In the past, the typical family structure involved a man and woman getting married and having children; however, this is no longer the standard family structure. Today, the idea of family includes all different types of arrangements, and having children without marriage is common. When a couple is married, there is a legal presumption that the husband is the father of the child. However, when the couple is not married, there are some other issues that first need to be handled.
When a child is born to an unmarried couple, paternity needs to be established. A father may sign a voluntary declaration of paternity, which will make the father the child’s legal father. California family code 7573 provides that a validly executed VPD may serve as the basis for a suit for custody, visitation, or child support. Alternatively, the father or the mother may bring a case to establish paternity in court. A court may order genetic testing before determining that a father is the legal father of the child, especially where a mother contests the fact that the man bringing the petition is the child’s biological father.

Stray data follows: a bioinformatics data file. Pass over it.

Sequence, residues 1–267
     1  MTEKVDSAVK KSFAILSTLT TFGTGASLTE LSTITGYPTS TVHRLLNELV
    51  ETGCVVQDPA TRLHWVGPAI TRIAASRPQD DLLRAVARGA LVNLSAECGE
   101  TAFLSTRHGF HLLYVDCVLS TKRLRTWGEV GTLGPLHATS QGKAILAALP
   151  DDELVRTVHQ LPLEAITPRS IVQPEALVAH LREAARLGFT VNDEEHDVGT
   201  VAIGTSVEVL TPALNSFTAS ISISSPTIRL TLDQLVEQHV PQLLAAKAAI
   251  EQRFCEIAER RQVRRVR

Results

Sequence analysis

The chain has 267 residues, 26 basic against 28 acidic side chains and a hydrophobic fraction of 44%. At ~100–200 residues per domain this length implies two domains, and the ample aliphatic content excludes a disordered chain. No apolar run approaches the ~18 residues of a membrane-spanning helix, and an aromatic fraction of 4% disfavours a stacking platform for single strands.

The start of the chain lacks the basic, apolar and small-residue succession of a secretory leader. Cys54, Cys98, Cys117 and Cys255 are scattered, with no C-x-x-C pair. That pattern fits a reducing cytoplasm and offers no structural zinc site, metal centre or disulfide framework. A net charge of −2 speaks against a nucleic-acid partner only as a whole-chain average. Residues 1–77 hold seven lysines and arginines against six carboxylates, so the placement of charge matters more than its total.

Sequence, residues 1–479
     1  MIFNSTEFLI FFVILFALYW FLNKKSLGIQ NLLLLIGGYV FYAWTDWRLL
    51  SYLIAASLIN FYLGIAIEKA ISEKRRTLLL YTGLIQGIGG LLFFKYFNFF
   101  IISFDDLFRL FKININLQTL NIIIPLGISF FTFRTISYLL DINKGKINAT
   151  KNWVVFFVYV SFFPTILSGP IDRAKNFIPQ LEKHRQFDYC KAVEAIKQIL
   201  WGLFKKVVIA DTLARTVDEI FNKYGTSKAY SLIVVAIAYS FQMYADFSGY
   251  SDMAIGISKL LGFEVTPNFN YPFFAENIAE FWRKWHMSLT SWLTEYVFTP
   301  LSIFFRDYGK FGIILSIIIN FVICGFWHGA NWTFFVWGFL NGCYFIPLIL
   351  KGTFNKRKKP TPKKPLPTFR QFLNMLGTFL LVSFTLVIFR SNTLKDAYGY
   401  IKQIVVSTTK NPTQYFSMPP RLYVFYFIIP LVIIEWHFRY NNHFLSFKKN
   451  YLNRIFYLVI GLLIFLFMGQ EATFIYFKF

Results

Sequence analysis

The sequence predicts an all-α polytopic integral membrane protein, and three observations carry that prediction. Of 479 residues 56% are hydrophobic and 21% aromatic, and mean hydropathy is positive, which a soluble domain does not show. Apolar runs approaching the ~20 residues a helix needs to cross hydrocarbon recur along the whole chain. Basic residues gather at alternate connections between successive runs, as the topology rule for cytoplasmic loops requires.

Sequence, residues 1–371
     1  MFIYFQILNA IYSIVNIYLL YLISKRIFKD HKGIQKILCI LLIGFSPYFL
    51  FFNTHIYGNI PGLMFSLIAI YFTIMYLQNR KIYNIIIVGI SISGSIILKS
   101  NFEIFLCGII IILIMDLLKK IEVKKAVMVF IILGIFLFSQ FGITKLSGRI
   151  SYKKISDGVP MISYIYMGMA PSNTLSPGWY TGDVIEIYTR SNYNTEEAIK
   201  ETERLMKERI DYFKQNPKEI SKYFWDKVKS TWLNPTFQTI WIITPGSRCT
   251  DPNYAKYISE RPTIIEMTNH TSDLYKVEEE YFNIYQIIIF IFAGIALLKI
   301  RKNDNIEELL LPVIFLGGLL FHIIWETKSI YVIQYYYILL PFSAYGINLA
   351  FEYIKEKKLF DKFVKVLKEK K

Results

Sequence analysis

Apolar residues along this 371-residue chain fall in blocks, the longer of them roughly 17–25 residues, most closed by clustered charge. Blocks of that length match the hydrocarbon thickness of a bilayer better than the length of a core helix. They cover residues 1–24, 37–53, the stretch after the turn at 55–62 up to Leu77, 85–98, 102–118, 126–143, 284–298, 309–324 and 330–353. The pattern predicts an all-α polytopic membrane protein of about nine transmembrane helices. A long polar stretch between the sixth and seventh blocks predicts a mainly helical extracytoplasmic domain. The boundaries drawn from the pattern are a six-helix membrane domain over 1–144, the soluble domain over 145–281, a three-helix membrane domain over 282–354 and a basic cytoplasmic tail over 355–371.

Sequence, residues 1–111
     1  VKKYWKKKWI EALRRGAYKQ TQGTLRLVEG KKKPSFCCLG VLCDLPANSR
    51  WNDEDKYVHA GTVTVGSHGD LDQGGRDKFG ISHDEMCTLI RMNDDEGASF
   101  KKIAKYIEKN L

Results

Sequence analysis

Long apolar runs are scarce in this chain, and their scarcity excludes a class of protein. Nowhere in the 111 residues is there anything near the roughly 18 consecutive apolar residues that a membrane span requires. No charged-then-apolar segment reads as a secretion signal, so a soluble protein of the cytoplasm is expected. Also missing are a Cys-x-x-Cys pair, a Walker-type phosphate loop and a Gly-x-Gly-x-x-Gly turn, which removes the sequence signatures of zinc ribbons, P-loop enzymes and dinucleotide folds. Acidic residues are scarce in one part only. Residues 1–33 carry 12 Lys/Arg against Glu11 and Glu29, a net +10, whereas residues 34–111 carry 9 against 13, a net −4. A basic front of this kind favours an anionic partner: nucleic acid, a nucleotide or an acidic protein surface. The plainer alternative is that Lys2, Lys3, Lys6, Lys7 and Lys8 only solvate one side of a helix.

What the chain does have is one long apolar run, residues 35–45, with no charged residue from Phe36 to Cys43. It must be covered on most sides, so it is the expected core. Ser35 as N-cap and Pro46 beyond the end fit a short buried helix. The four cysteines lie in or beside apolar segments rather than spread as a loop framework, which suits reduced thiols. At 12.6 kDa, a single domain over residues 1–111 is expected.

After paternity is established, a father who is not married to the mother of the child has the same rights as if the child had been born while the parents were married. California law does not rely on marital status to determine what is in a child’s best interests. In addition, California law has no preference for providing custody based on the gender of either parent.
Regardless of whether there was a marriage, both parents are obligated to provide financial support for the child. The calculation of support, often called the Guideline Calculation, will use the same factors and the same calculation as if the parents had been married.
Custody can be difficult regardless of whether the parents were ever married. Contact us today at 619-800-0384 to talk about your child and your goals for their future.